Above: things were simpler back then. Now it’s “I’ll sue you for this, I’ll sue you for that, waah waah waaaahhhh”, or you get shot/knifed or punched in the face – well done, humanity, well done.
What really annoys me about the state of the United States, and increasingly the UK and, well, most of the world these days, is how easy it is to sue big mega corporations (or even individuals in some cases) if one fails to read or understand the terms and conditions of service OR how a particular part of that service operates.
Take Gmail, Google’s popular free email service. A bunch of people and educational establishments are suing Google for compensation because of how it scans email in order to deliver contextual adverts which ultimately pay for the upkeep of the service. Google has been a search and advertising company since the reasonably early commercial days of the internet. It has, to my knowledge, always been upfront about the adverts it serves in email along with how it goes about doing so.
If I had ANY doubts about what Google does with my data, I’d have stopped using them years ago. What annoys me most about Google is how they change things without bothering to check with users first (it’s all about statistics for them, and funnily enough, they’re a statistical company too). But Google Apps (for Business at least) is still a very good product and meets my own personal needs. They seem to be meeting a lot of other people and organisations needs too – and they haven’t sued Google (yet)! Google aren’t really a people company, they are all about features and functionality.
Technicalities of the case aside, if these people who are suing Google actually gave a damn about privacy alongside everything else that comes from a FREE email service – they’d have been better off not spending their money on lawyers and putting it towards their own email infrastructure instead – hosted their email on their wholly owned dedicated or virtual servers in their wholly owned datacentres, and in a country of their own choosing.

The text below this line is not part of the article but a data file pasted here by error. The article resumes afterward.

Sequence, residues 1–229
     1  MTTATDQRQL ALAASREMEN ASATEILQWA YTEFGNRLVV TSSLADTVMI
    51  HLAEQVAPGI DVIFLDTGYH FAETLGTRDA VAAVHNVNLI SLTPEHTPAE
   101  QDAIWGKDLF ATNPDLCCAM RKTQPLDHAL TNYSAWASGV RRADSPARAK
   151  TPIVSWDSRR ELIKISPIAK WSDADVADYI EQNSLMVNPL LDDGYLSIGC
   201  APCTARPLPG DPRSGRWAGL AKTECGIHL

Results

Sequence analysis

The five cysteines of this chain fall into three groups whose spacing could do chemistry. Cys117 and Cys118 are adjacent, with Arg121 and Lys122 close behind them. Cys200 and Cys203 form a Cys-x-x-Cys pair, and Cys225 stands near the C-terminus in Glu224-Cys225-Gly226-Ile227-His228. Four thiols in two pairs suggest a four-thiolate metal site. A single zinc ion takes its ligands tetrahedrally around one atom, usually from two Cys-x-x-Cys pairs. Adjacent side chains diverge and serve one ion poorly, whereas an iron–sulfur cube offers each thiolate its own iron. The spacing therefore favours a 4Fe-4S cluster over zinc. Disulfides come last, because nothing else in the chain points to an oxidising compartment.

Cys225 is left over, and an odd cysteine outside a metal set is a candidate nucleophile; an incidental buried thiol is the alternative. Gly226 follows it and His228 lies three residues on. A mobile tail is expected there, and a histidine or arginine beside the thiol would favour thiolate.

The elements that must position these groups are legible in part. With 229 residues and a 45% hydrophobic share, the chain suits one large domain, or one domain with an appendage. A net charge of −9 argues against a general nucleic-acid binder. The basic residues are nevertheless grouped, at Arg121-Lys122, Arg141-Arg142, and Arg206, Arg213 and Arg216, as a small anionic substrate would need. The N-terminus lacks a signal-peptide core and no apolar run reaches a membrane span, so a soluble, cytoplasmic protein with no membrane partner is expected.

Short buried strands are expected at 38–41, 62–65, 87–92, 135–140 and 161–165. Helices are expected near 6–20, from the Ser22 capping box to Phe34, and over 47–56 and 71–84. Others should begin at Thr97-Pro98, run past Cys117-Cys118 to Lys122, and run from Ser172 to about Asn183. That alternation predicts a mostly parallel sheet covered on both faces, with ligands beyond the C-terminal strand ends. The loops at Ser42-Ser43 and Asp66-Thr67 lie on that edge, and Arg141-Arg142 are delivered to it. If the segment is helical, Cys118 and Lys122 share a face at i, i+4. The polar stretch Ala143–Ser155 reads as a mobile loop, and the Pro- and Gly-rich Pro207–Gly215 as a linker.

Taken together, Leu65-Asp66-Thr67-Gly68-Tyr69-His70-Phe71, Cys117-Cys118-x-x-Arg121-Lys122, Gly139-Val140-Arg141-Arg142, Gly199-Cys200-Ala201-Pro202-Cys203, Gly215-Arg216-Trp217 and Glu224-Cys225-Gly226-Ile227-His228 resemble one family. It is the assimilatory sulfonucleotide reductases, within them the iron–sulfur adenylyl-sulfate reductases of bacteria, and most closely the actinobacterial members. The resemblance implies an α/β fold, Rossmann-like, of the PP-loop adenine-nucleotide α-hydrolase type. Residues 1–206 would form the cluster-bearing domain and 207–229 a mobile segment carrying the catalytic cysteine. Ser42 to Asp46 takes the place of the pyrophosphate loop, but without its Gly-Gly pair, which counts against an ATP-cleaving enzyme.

What’s that I hear? It’s incredibly expensive to own loads of dedicated servers and datacentres? Why, yes, it is. So you’re going to have to trust somebody. And you need to do a lot of research before you can do that. You do not just hand over a bunch of cash, say, here: have my data, and expect everything to be peachy keen.
I wonder what the educational establishments in this class action considered prior to signing up to Google Apps for Education. Did they trial the service at all (Google have always offered dual deployment/pilot schemes since launching the service)? Did they ask the right questions to Google? These people are keen on saving money (as are we all), but surely if they wanted to be absolutely sure of their data security, they’d have handled any email in-house or at least done more research about the company that’s about to host their data before committing to it.
I really think that it’s yet another case of too much money alongside too little brains. It really angers me that human beings and organisations can be so [censored] petty and stupid at times that they need to keep suing each other out of fear or misunderstanding of what they’re trying to do. And if mistakes happen, as they do from time to time, it doesn’t mean you need to hit people with expensive lawsuits to fix the problem.
You may think I’m being overly harsh, but the point is that it seems far too so easy to sue. Don’t get me started on the whole patents issue because that’ll fill up several War and Peace-sized novels.
The Golgafrinchans were right to send their telephone sanitizers, documentary makers and other useless members of society to another planet. Perhaps the USA and California should do the same. Less lawyers, more sanity, better understand of what it is you’re using. And if you don’t like it or what it represents, don’t bloody use it.
The overall moral of the story: if you really care about YOUR data and your privacy, DIY it.
There are obviously some
exceptions to this, but not many. The above situation is, in my opinion, utterly frivolous. 
The Hitchhiker’s Guide to the Galaxy; Douglas Adams – a most enlightening and amusing series of books.